Epidermal Growth Factor Increases Antioxidant Enzyme and Surfactant System Development during Hyperoxia and Protects Fetal Rat Lungs In Vitro from Hyperoxic Toxicity

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Abstract

ABSTRACT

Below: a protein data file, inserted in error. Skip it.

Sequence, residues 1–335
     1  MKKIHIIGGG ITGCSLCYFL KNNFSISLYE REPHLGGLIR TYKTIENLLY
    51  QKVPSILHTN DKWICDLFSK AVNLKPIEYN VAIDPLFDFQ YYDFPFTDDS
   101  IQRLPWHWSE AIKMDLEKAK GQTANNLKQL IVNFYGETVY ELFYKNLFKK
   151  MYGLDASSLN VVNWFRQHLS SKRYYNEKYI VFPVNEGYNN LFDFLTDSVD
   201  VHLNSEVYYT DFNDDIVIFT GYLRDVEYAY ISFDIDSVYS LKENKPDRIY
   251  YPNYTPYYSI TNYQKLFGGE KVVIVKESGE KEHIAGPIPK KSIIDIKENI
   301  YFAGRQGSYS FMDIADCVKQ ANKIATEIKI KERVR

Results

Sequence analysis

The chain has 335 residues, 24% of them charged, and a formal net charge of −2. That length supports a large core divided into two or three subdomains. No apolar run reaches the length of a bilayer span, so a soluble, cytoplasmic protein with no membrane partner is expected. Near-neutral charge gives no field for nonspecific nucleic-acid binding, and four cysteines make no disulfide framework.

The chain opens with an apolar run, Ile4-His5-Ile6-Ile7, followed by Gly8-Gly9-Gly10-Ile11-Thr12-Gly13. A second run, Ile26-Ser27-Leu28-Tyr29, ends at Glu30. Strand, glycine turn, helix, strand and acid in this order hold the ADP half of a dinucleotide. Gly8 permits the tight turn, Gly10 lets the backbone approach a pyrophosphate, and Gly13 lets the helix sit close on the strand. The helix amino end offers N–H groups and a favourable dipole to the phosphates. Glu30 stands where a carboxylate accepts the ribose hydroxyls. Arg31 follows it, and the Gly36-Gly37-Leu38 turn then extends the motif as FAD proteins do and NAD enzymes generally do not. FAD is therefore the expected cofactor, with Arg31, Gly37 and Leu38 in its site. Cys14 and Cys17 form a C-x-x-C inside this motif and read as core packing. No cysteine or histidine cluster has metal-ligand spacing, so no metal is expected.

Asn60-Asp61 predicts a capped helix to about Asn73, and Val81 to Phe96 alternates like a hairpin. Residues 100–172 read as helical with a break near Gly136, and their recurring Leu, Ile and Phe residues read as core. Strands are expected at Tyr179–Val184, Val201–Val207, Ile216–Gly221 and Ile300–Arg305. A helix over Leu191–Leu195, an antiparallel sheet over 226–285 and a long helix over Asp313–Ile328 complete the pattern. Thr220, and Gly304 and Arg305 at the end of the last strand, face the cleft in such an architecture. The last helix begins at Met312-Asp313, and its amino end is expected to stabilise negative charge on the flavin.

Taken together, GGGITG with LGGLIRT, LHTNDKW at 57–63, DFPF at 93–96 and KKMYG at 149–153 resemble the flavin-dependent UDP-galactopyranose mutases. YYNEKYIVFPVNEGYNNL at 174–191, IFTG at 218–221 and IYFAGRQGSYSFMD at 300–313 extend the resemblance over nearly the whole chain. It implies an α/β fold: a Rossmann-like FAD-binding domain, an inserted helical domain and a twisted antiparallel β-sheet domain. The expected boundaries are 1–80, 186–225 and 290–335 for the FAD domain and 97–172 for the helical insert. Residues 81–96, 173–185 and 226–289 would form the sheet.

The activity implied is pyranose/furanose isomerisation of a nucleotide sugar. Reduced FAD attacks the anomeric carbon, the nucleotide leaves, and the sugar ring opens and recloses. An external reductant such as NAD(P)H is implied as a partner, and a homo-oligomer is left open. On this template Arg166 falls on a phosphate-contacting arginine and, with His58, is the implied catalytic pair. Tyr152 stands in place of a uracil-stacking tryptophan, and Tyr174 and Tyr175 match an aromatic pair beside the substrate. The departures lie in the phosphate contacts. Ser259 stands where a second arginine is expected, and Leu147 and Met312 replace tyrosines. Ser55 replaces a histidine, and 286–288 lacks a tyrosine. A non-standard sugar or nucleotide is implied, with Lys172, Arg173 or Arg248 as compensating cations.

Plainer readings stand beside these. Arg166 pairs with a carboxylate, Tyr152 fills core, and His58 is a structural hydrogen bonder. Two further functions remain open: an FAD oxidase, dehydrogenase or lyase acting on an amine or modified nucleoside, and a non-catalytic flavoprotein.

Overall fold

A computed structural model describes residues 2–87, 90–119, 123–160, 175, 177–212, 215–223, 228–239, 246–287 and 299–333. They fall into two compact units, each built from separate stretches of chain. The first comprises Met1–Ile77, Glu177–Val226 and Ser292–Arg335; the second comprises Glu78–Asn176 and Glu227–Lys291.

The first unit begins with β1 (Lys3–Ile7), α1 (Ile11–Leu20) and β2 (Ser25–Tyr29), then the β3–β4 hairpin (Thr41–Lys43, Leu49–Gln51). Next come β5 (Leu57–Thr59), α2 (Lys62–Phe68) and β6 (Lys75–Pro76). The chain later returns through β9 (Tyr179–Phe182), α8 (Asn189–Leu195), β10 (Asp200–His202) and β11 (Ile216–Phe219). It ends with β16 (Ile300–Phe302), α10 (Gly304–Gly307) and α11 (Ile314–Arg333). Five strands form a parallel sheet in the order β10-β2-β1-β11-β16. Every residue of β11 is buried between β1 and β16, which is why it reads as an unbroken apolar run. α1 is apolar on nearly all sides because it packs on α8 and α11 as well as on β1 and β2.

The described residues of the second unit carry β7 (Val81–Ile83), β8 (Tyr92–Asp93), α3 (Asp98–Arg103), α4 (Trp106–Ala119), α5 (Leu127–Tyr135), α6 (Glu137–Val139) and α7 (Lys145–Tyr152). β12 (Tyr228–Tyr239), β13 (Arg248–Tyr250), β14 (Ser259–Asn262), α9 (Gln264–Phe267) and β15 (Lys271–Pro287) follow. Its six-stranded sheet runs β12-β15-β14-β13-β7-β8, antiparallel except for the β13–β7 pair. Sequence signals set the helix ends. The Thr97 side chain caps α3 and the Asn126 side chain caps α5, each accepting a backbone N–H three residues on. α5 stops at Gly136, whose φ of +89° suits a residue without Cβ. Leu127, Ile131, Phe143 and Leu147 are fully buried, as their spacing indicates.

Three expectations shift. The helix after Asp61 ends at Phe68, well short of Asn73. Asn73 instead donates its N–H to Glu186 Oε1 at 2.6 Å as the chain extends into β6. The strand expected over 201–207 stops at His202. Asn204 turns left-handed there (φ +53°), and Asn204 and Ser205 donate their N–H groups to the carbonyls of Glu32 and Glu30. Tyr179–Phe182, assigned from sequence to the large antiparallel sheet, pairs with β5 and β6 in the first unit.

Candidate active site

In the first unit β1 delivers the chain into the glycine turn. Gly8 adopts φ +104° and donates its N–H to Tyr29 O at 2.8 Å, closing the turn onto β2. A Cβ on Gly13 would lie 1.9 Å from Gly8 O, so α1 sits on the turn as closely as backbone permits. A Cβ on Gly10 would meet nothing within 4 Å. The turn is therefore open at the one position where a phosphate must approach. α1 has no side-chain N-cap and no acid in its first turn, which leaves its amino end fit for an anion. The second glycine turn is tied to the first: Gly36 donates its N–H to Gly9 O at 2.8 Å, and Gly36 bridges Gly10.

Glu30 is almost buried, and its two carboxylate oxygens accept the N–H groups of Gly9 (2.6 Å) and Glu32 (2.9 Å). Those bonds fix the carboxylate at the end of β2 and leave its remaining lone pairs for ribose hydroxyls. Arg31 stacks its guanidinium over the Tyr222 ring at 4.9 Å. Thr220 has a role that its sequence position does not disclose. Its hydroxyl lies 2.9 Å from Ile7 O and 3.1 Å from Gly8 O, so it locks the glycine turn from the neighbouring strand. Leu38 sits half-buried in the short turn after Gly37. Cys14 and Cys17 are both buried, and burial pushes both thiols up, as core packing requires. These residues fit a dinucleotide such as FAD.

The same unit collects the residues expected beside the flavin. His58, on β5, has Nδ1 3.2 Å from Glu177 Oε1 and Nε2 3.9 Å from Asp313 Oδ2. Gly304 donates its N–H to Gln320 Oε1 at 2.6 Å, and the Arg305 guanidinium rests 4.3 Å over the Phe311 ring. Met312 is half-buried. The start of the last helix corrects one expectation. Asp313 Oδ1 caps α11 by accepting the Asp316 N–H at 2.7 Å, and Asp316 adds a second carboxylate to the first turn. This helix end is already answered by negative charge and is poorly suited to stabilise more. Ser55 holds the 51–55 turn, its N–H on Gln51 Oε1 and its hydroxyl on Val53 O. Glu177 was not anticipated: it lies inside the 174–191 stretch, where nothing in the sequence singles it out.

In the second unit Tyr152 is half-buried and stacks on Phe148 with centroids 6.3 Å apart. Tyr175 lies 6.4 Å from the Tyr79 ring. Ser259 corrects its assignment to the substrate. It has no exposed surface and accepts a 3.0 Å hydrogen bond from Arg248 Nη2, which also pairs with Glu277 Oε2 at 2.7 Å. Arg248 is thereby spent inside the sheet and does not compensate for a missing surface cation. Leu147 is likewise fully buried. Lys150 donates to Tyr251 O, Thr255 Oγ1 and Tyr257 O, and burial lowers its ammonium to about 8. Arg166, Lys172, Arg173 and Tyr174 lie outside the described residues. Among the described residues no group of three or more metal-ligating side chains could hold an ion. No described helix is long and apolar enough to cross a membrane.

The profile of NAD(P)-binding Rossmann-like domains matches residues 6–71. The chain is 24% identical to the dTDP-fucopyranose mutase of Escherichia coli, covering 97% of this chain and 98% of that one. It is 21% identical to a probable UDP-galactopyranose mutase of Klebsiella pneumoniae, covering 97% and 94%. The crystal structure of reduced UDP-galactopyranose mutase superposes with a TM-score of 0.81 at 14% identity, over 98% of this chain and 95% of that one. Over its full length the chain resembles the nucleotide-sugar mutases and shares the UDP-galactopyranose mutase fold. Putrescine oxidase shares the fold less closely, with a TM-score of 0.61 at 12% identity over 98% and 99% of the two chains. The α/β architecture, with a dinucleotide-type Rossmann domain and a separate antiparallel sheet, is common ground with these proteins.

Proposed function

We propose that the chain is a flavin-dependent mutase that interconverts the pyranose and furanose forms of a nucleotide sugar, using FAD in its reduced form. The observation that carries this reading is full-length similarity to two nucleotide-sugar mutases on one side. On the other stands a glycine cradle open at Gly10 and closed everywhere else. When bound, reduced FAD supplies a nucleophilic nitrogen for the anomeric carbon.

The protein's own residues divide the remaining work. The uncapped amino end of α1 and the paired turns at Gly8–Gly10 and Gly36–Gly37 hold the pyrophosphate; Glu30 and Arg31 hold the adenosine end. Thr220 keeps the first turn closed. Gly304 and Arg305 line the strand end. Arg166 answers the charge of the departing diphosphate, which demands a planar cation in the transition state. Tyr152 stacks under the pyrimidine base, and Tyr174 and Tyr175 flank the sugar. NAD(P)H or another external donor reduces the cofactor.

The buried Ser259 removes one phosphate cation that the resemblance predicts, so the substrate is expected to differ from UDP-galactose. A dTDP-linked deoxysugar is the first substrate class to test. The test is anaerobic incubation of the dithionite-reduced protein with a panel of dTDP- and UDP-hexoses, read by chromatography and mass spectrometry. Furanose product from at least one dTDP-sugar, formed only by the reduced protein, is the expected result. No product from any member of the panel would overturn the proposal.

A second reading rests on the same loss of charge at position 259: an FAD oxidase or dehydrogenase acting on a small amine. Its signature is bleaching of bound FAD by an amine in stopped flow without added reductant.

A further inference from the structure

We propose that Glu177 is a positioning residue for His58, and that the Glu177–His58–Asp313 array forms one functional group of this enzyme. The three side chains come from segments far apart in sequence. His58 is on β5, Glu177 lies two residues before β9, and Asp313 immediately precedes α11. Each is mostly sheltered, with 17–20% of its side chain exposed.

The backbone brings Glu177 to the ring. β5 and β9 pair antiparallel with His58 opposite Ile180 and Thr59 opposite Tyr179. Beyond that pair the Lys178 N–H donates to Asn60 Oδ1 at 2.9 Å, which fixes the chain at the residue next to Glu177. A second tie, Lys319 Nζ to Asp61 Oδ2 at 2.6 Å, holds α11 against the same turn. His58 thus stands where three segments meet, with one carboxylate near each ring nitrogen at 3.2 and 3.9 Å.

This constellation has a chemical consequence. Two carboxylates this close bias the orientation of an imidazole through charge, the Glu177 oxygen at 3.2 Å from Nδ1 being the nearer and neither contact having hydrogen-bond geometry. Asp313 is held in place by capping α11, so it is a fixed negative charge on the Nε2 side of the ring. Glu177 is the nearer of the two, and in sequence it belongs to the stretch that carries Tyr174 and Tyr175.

Epidermal growth factor (EGF) has been shown to accelerate fetal lung maturation in rabbits, lambs, and rhesus monkeys in vivo and increase surfactant synthesis in vitro. Its effect on the maturation of the lung antioxidant enzyme system, however, is unknown. We studied the effect of EGF (10 nM) on 19-d fetal rat lung explant cultures in serum-free medium in air/5% CO2 or >90% O2/5% CO2 compared with similarly grown control cultures in air or hyperoxia at 72 h. Fetal lung activities of super-oxide dismutase and catalasc were unchanged by EGF in air, whereas glutathione peroxidase activity was significantly decreased (p < 0.05 versus air control). However, in hyperoxia, EGF-treated fetal lung cultures had significantly elevated superoxide dismutase and catalase activities (p < 0.01) versus O2-exposed controls, and glutathione peroxidase activity similar to that of controls. The mRNA levels for all the antioxidant enzymes showed patterns similar to the enzyme activities except in the case of Cu, Zn-superoxide dismutase mRNA, which increased in EGF-air cultures. EGF decreased the rate of 3H-choline incorporation into disaturated phosphatidylcholinc in air (p < 0.01 versus air control), but increased disaturated phosphatidylcholine synthesis in response to hyperoxia (p < 0.01 versus O2 control). The histologic appearance of EGF-treated cultures in O2 was superior to that of O2-exposed controls, which showed thickened scptal walls, decreased surfactant in the air spaces, and epithelial cell mitochondrial swelling. EGF therefore accelerates antioxidant enzyme and disaturated phosphatidylcholine maturation under hyperoxic conditions and protects fetal rat lung cultures from hyperoxic injury. This accelerated O2-dependent maturation by EGF occurs at the pretranslational level. These findings could have clinical implications for premature infants requiring O2 therapy and at risk for bronchopulmonary dysplasia because of immature pulmonary antioxidant defenses.

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